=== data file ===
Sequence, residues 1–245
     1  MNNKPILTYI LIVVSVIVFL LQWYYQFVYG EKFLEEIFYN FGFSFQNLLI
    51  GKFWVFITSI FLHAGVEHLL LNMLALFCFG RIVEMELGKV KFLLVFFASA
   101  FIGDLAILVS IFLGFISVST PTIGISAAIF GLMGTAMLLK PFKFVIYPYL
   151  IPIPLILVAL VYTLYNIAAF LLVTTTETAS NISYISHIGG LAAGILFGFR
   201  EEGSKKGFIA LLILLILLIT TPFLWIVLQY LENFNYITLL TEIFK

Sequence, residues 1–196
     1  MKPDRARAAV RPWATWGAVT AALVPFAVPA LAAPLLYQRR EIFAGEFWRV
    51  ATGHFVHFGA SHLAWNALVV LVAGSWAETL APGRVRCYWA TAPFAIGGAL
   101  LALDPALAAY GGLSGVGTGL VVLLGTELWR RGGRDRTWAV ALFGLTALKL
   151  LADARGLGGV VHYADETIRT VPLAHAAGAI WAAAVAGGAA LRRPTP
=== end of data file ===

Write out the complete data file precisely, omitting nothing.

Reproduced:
Sequence, residues 1–245
     1  MNNKPILTYI LIVVSVIVFL LQWYYQFVYG EKFLEEIFYN FGFSFQNLLI
    51  GKFWVFITSI FLHAGVEHLL LNMLALFCFG RIVEMELGKV KFLLVFFASA
   101  FIGDLAILVS IFLGFISVST PTIGISAAIF GLMGTAMLLK PFKFVIYPYL
   151  IPIPLILVAL VYTLYNIAAF LLVTTTETAS NISYISHIGG LAAGILFGFR
   201  EEGSKKGFIA LLILLILLIT TPFLWIVLQY LENFNYITLL TEIFK

Sequence, residues 1–196
     1  MKPDRARAAV RPWATWGAVT AALVPFAVPA LAAPLLYQRR EIFAGEFWRV
    51  ATGHFVHFGA SHLAWNALVV LVAGSWAETL APGRVRCYWA TAPFAIGGAL
   101  LALDPALAAY GGLSGVGTGL VVLLGTELWR RGGRDRTWAV ALFGLTALKL
   151  LADARGLGGV VHYADETIRT VPLAHAAGAI WAAAVAGGAA LRRPTP